Remembering Robert Frascino, M.D.

This page contains a collection of thoughts from's staff and team of experts on the passing of Dr. Frascino. Please share your personal thoughts via the comments section.

If you'd like to learn more about Dr. Bob's life and accomplishments, we encourage you to read his obituary, which was published in the San Jose Mercury News/San Mateo County Times on Sept. 30.

Robert James Frascino, M.D., our long-time friend and expert, passed away on Saturday from bacterial sepsis. He was 59 years old. Known as "Dr. Bob" to so many, he was easily one of the most incredible and inspiring people I have ever had the privilege of knowing.

Bob was a brilliant immunologist who was working in HIV well before he became HIV positive in 1991. In the mid-90s, he and his husband, Steve Natterstad, M.D. formed a charity called The Robert James Frascino AIDS Foundation which has raised more than $1,500,000 for various HIV/AIDS causes. Each year, Bob and Steve, both pianists, perform at their benefit called A Concerted Effort. Tragically, the event was to be held this past Sunday, the day after Bob's passing.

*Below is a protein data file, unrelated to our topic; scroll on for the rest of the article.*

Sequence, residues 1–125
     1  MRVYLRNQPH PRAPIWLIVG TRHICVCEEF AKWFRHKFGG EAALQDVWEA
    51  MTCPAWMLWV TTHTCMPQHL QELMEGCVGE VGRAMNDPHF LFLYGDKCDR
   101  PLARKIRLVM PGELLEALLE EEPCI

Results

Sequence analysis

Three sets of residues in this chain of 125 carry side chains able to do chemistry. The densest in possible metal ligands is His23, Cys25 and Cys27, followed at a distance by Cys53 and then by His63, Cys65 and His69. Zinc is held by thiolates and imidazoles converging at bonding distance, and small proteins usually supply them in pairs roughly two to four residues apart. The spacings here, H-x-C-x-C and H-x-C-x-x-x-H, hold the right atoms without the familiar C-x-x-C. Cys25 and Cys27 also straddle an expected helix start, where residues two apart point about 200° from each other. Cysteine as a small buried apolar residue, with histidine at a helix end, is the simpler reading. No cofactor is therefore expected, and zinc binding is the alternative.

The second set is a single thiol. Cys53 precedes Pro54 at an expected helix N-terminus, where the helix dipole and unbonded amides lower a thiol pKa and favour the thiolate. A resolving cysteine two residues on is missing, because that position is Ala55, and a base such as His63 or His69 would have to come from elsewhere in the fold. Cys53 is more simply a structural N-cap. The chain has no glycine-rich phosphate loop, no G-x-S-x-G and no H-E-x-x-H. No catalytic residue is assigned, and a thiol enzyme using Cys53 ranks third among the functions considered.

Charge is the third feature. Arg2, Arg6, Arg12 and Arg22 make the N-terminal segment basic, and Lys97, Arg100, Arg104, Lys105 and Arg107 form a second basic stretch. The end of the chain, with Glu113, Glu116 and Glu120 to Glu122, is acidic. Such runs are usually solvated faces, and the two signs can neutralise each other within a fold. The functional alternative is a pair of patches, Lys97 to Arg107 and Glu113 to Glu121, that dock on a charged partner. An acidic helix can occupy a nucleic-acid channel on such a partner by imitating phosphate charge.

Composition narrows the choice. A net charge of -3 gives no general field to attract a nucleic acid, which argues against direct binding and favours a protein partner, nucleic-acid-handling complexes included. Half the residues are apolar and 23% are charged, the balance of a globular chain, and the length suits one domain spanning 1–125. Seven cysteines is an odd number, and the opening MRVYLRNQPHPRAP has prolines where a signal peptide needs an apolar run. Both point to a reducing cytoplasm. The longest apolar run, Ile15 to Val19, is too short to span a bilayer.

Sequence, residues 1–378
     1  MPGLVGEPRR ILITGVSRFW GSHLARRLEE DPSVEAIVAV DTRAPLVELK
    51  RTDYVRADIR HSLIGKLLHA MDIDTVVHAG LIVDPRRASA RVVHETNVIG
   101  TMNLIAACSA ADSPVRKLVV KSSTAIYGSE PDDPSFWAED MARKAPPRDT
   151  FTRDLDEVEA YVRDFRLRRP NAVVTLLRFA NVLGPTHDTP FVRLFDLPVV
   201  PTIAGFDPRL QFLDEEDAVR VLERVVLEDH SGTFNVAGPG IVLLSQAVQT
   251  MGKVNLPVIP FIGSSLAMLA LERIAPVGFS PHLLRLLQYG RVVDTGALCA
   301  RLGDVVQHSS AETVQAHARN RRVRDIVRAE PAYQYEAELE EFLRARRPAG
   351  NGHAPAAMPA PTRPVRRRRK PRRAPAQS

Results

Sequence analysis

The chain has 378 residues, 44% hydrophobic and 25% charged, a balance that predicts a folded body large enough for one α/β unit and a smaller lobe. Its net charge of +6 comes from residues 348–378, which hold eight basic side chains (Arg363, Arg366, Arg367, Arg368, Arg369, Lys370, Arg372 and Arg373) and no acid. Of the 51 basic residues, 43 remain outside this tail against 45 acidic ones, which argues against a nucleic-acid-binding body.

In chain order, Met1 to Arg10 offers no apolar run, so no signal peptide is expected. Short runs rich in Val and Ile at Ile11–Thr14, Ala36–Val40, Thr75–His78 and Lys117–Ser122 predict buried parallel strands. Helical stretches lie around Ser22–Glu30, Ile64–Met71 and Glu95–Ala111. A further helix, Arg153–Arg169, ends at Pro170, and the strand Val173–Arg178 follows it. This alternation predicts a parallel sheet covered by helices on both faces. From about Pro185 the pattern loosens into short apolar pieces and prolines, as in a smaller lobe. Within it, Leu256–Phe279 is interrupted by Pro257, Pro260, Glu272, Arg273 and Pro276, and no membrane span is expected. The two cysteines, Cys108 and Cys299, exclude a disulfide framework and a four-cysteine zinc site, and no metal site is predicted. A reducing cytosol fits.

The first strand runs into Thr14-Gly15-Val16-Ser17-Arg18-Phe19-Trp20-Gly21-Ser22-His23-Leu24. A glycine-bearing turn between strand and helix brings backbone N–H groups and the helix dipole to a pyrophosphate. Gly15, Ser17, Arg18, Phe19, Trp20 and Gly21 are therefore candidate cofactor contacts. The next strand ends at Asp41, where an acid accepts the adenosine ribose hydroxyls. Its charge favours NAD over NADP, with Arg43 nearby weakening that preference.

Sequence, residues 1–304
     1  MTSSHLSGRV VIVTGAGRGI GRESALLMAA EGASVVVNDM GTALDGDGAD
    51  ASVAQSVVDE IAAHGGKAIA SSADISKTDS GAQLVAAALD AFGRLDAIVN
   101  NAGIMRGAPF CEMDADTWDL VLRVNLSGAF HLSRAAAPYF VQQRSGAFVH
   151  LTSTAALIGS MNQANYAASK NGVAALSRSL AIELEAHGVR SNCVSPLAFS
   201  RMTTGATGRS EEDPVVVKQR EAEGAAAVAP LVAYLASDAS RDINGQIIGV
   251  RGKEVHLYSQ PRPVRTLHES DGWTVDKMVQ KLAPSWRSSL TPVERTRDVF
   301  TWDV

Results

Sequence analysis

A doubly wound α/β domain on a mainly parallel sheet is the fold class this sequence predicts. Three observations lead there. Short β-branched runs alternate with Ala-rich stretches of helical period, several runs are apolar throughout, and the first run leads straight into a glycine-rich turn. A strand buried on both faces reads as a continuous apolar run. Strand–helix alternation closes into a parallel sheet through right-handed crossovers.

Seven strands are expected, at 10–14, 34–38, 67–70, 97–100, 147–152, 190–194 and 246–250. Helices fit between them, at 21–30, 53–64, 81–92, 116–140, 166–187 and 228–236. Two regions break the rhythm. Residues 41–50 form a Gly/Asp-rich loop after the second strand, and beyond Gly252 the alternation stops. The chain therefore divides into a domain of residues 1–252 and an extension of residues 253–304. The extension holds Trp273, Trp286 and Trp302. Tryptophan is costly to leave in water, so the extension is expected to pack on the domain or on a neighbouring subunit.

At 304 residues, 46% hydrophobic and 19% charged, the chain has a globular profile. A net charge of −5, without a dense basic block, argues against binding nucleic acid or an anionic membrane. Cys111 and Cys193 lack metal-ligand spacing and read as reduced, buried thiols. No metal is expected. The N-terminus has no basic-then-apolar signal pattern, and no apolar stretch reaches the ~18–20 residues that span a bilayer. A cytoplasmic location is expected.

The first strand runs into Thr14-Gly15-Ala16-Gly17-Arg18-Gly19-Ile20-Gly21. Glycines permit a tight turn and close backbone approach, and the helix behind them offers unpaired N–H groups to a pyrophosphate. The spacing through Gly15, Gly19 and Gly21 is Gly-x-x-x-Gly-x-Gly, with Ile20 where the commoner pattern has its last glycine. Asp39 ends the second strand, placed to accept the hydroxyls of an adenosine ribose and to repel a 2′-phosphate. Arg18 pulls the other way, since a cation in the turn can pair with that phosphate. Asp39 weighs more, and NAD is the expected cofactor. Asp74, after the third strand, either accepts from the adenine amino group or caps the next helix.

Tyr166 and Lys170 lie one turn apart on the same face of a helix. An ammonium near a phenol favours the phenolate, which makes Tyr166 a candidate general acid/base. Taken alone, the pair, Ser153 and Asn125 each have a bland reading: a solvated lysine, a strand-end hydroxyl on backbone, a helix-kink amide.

Bob started working with in May 2000 as a host in our Q&A forums. Since then, he has touched millions of people through his Q&A forums on HIV prevention and HIV-related fatigue and anemia, as well as his blog.

He answered nearly 30,000 questions over that time period -- truly astounding. Any other person would have burnt out years ago, but Bob was going just as strong last week as the day he started. No matter how inane or serious the question, Bob always found a way to bring humor to every response. He never sugar-coated anything, never shied away from his political inclinations and never met a pun he didn't like. His singular wit made his forums a must read for HIV-positive and HIV-negative people alike.